To the proprietors of the Colorado Harmony Market, calling the
enterprise a grocery store is similar to saying a choice cut
rib-eye is “just a piece of meat.”
The market has unique elements, products and goals that separate
it from other “grocery stores.”
The market is actually four entities under one roof: Long Family
Farms, Fiona’s Delicatessen, Harmony Co-op and Harmony Farms
Foundation. Each store operates mutually but separately in the
building at 1001 E. Harmony Road.
The market’s goal is to provide a farmers’ market-like setting
that can be frequented by customers year-round.
The businesses within the market are separated not only by walls
but also by the products they exclusively produce. The commitment
to supporting local farmers, ranchers and other local
food-production businesses is the common bond the businesses
Long Family Farms is owned by John Long and provides fresh meat
and seafood to the market. Long has been in the meat business for
48 years and raises pigs that provide the store with many of its
pork products. Long said the store operates on the protocol that no
meat will contain antibiotics, hormones or have consumed food or
water that has contaminants. Long’s, like the other stores in the
market, gets all of its meat from local ranchers.
“The meat is all raised on small family farms, not in
confinement,” Long said. “We preserve the identity of the
To preserve the identity of the product, Long attributes each
product in his store to its individual rancher. Long also said that
an average portion of ground beef purchased in a chain grocery
store could contain meat from up to 1,592 cows, where as in his
store, one portion of ground meat comes from one cow.
“(Long’s) is the best butcher shop I’ve seen in a long time,”
said Allen Stahla, Fort Collins resident and market shopper.
“(It’s) good grass-fed beef that tastes good.”
The Harmony Co-op provides the produce for the market. The co-op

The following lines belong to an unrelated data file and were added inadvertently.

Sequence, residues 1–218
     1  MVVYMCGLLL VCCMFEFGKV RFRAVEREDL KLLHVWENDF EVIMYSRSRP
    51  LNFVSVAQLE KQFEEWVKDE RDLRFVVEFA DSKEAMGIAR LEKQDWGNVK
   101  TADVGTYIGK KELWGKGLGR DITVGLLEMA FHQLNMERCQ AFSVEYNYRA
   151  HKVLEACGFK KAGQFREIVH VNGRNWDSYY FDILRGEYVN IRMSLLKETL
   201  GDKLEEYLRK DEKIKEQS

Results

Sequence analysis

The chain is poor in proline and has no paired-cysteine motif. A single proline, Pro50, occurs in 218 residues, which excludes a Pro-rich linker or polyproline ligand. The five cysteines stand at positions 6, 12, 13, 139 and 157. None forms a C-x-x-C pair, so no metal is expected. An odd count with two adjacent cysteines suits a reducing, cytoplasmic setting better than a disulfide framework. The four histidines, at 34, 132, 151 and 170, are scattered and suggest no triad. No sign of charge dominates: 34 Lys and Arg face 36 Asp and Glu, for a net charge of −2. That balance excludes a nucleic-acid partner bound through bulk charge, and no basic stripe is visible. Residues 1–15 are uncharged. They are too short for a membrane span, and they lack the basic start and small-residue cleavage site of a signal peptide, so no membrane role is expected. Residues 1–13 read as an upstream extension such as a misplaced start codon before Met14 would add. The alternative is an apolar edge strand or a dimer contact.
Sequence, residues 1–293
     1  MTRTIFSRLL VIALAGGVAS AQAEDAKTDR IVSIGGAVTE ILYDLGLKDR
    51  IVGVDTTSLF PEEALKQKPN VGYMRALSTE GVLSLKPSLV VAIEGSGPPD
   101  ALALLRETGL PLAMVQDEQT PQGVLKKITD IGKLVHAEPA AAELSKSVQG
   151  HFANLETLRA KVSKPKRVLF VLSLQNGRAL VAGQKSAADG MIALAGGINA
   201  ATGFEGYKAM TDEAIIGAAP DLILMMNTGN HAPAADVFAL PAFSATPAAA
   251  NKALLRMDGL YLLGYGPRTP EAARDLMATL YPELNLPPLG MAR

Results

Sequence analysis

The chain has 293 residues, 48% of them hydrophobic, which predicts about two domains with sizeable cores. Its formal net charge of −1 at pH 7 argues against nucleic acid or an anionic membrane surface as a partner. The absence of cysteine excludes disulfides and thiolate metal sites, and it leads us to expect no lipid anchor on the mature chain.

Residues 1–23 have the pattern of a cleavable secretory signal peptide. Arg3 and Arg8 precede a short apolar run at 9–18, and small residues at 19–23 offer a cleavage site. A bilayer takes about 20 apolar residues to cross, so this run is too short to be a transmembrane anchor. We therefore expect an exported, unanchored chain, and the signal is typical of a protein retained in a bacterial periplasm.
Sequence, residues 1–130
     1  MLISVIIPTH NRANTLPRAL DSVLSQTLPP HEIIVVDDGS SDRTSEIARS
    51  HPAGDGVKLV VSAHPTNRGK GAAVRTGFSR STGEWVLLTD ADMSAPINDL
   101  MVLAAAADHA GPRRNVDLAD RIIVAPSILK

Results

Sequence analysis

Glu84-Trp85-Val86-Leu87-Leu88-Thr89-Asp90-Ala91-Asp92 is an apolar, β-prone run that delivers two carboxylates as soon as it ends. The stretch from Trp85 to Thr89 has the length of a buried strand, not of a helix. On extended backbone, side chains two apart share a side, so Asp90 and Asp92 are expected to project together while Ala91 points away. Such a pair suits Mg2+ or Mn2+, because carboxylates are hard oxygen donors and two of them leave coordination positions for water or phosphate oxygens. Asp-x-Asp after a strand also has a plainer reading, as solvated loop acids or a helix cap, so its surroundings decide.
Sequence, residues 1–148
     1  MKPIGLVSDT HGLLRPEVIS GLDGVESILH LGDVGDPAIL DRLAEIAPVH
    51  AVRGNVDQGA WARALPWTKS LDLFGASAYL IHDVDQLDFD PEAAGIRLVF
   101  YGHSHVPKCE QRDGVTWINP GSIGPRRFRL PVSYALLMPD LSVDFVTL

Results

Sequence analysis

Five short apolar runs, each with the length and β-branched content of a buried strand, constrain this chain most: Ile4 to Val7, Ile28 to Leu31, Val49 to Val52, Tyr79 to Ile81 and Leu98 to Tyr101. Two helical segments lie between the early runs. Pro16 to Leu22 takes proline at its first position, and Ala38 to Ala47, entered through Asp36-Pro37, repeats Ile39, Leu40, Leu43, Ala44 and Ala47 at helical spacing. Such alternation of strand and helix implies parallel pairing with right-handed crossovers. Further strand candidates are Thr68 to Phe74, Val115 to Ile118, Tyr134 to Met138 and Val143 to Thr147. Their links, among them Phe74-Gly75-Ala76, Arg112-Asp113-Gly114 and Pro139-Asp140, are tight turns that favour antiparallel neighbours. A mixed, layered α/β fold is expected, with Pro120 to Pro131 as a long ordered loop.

also strives to get as many of its goods from local growers as
possible. Currently only tomatoes, cherries and lettuce are locally
grown, but Chuck Fox, the co-op general manager, estimates that
once the Colorado harvest season arrives in July, 80 to 90 percent
of its products will be locally grown.
“We have unique products because we favor local products,” Fox
said. “Plus they’re just better products.”
So far Fox has been pleased with the response from the local
“I had no idea how people would respond to this. It just touches
something in their head and in their heart,” Fox said. “It means
much more to them when (customers) learn what we’re about.”
Some products the store provides that come from Fort Collins
include soaps, cheeses from Bingham Hill, Nita Crisps, salsas and
Fiona’s Delicatessen also operates in the market. Fiona’s bakery
and catering services in Old Town are now available to south Fort
Collins via the market.
While Long’s and the co-op provide local goods to consumers,
Fiona’s owner Elizabeth McBryde said Fiona’s is working to be a
producer of local products.
One of McBryde’s central motives for participating in the market
was an interest in supporting nonprofits through the market’s
“So many of these nonprofits do a lot of their fundraising with
food and we want to be able to help them,” McBryde said. “We’re
really trying to bridge the gap between the customer and the
Aside from the four stores, the market will also provide
community workshops, including gardening, culinary and wellness
instruction among other activities.
The market will be having its grand opening July 16 to 18.